Left tackle Andrew Whitworth has called it because he does it four times a year and has already done it three times this season.
Sunday's game against the Texans at Paul Brown Stadium (1 p.m.-WLW-AM 700) is a game to be decided in the trenches and not on the perimeter, he says. Much like those bloodbaths against Pittsburgh and Baltimore.
"It's a trench game to be sure," Whitworth said during the week. "The real match of the game is not going to be one-on-one, but a match of the offensive and defensive lines on both sides. It's not going to be someone against someone else. It's going to be which unit plays longer and harder and more effective."
The Bengals became big admirers of the Texans last week while watching them on film. Not only have running backs Arian Foster and Ben Tate traded 100-yard games, but Whitworth's foe most of the day Sunday, outside linebacker Connor Barwin, has stepped in seamlessly for injured sack ace Mario Williams and is coming of a Defensive Player of the Month performance that included a four-sack game against Jacksonville.
"They play with such great effort and attitude, they plug either guy back there and they run the ball. They plug in rushers and they're able to rush the passer," Whitworth said. "It's like playing Pittsburgh and Baltimore. Whoever plays best up front is going to win. What line is going to win."
Since the Bengals are used to playing the 3-4 defenses of the Steelers and the Ravens, Whitworth doesn't think they'll be as perplexed by what the Texans are doing as some other teams. After holding the Steelers without a sack last month, the Bengals gave up three to them last Sunday in Pittsburgh (all to outside linebacker James Harrison), but only when Pittsburgh was up by at least 21 points.
Harrison took advantage of breakdowns in communication and protection to get two of the sacks, and Whitworth gave up his first-ever sack to Harrison on the other one when he got stepped on.
"When you get down like that, it's a defensive coordinator's dream," Whitworth said. "It was a play-action and we didn't get the play-action because they were coming on a blitz. When you set for a play-action and it doesn't end up happening, it turns into a quick dropback. It's just a little different. I was falling when I went out to get him. I didn't get my balance quickly enough and I should have."
The 6-4, 264-pound Barwin is taller than Harrison and brings a different look for the 6-7, 335-pound Whitworth. Whitworth saw Barwin a little bit in the Texans win two years ago at PBS, when Barwin got his first NFL sack against right tackle Dennis Roland on his way to leading all rookie defensive ends with 4.5 sacks. He's now an outside backer in the 3-4 and Whitworth compares him to Green Bay's Clay Matthews.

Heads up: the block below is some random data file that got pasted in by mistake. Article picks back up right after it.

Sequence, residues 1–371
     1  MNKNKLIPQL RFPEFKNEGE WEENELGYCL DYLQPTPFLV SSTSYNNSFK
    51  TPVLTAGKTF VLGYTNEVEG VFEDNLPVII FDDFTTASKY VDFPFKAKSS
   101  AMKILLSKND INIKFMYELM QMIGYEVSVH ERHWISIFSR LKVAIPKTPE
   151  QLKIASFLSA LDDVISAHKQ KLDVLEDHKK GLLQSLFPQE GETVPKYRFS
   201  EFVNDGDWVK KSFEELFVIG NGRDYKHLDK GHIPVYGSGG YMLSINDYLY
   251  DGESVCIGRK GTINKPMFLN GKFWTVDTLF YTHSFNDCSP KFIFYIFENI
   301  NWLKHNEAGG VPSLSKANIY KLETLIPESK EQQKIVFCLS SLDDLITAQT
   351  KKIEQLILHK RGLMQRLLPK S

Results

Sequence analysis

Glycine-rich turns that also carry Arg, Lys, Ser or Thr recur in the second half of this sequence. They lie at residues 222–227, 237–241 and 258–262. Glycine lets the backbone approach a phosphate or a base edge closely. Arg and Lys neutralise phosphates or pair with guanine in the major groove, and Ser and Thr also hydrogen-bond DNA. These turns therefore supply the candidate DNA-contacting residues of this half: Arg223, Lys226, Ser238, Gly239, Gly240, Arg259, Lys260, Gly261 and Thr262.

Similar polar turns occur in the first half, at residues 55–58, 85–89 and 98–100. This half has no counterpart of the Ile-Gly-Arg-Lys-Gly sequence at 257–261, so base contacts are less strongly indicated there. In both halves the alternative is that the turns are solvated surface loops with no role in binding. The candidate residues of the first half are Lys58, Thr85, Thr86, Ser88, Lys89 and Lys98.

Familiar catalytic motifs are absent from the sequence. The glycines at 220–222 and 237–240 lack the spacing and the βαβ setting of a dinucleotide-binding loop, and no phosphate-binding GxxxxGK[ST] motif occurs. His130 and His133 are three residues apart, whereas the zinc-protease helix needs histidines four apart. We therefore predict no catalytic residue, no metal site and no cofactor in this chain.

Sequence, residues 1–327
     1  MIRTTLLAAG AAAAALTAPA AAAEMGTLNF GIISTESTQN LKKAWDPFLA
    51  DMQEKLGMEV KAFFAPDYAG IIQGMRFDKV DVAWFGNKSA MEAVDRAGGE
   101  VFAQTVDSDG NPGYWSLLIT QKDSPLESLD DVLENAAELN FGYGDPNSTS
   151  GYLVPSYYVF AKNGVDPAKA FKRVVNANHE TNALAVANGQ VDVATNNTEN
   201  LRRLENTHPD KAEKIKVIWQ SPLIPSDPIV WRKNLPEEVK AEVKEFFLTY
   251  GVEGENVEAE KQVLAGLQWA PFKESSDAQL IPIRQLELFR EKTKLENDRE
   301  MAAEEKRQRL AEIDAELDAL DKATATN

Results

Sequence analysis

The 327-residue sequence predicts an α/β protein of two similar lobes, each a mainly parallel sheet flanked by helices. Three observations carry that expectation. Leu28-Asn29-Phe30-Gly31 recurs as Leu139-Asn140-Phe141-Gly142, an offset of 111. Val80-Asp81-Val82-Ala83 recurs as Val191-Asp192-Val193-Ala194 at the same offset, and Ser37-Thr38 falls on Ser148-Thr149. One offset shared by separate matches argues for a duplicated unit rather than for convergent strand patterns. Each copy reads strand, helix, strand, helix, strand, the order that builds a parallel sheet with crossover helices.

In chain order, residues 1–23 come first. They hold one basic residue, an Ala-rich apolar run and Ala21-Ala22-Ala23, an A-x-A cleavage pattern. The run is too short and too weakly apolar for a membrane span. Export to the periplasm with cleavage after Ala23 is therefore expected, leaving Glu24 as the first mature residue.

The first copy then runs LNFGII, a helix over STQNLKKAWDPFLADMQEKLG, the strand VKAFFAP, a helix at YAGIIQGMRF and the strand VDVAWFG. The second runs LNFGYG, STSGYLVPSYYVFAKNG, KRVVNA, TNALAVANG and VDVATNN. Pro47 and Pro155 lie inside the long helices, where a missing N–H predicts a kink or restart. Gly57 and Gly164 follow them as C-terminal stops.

"Plays hard, he's always going to be in the right place, be where he's supposed to be. Plays physical. That kind of guy," Whitworth said.
The Bengals know Barwin well as a University of Cincinnati product they coached at the Senior Bowl, where he became the first player to play on both offense and defense. A former basketball player before becoming a tight end, Barwin settled on defense his senior year and prepared for some of his NFL workouts with the help of former Bengals linebacker David Pollack.
Plus Clif Marshall, who helps out the Bengals in the weight room occasionally while running the Ignition workout facility in Mason, Ohio, trained Barwin for what turned out to be a breakthrough scouting combine for both back in '09.
Barwin finished in the top five in six categories among the defensive ends, including first in the two exercises that measure explosion, the vertical leap and broad jump. It put Barwin into the early second round and on the cover of Marshall's recruiting flyer and both of their careers have taken off.
"Looking for the next Connor Barwin," said Marshall last week, on the road recruiting big-time prospects to train for the upcoming combine. "He's a blue-collar guy. He had a chance to go train anywhere. Arizona, Florida. And he stayed in snowy, icy Cincinnati. It didn't matter. That's where he was comfortable because that's where he was working."
Marshall is intrigued by Barwin's matchup with Whitworth and was thinking about coming off the road and checking it out in person.
"Whit is the same kind of guy," Marshall said. "Blue collar all the way. That should be quite a battle with those two guys."